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A Compositional Taxonomy of Comets and Other Database Results

Wednesday, April 4, 2012
David
Schleicher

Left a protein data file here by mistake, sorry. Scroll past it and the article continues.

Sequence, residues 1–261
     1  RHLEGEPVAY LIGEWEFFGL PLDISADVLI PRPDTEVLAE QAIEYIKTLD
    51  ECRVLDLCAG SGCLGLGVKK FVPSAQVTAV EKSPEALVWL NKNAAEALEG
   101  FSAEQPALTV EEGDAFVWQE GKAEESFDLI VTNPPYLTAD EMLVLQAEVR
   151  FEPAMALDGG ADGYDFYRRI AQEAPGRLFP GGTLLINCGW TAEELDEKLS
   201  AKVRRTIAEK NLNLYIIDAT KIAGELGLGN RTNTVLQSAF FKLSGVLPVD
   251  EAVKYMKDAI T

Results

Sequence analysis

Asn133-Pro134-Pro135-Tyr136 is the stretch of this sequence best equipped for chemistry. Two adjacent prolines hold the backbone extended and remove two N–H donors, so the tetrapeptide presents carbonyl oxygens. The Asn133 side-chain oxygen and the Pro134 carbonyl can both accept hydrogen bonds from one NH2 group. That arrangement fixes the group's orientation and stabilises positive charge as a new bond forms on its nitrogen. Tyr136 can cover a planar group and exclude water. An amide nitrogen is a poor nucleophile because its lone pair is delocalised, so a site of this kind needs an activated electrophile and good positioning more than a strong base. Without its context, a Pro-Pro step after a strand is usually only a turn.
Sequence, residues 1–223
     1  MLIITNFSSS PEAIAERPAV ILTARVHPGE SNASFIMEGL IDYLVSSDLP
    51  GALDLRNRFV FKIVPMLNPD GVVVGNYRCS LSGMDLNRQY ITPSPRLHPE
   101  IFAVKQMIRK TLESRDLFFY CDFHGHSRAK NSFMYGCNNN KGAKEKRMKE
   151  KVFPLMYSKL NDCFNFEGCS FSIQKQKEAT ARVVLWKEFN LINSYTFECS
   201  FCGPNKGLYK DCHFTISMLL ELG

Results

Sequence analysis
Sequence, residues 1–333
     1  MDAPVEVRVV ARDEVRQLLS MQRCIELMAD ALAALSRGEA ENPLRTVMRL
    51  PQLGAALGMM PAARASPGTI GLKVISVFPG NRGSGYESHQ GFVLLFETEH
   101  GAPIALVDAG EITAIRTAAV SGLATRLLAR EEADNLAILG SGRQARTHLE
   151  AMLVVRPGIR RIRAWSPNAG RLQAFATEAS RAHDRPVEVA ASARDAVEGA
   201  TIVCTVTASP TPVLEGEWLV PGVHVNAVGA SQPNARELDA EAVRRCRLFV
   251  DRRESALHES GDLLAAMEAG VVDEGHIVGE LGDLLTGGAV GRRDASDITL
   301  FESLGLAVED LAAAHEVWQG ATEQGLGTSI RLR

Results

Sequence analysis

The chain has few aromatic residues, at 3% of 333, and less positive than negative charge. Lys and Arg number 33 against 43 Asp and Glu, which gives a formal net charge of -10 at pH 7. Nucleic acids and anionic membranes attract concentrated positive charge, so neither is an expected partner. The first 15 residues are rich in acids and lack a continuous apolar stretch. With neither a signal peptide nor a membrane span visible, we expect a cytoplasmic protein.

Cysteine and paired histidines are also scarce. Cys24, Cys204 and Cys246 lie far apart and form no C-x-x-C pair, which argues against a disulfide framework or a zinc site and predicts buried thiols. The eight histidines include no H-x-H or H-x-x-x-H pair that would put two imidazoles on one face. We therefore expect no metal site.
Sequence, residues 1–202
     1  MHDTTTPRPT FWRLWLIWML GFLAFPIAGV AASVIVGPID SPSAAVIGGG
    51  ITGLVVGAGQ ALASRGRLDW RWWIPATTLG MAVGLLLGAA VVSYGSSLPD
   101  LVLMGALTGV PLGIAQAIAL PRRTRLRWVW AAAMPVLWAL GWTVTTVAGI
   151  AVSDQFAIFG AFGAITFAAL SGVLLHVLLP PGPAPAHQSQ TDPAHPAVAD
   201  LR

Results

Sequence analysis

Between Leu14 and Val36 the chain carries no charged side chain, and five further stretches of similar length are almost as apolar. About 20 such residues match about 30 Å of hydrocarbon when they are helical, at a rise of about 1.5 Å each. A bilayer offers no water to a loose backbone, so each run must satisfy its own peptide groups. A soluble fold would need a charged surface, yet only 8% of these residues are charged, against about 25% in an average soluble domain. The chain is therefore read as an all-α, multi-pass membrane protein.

Comets are widely believed to be the most pristine objects available for detailed study remaining from the epoch of Solar System formation, and can be used as probes of the protoplanetary material incorporated at that time. Variations in chemical composition can indicate either differences in primordial conditions or evolutionary effects, and the actual cause of specific differences in properties can be determined by statistical analyses of the chemical and orbital properties of a large number of objects. We are now completing a new uniform reduction and set of analyses of 35 years of narrowband photometry of the 167 comets that form the Lowell comet database. Cluster and principle component analyses reveals 6-10 compositional groupings, several of which are sub-groups of the original carbon-chain depleted class as defined by A'Hearn et al. (1995). All evidence continues to indicate that the carbon-chain depleted class is primoridal in nature and not associated with evolution. Unexpectedly, 4 comets are identified as being depleted in ammonia but not depleted in carbon-chain molecules. A number of other findings will also be discussed.

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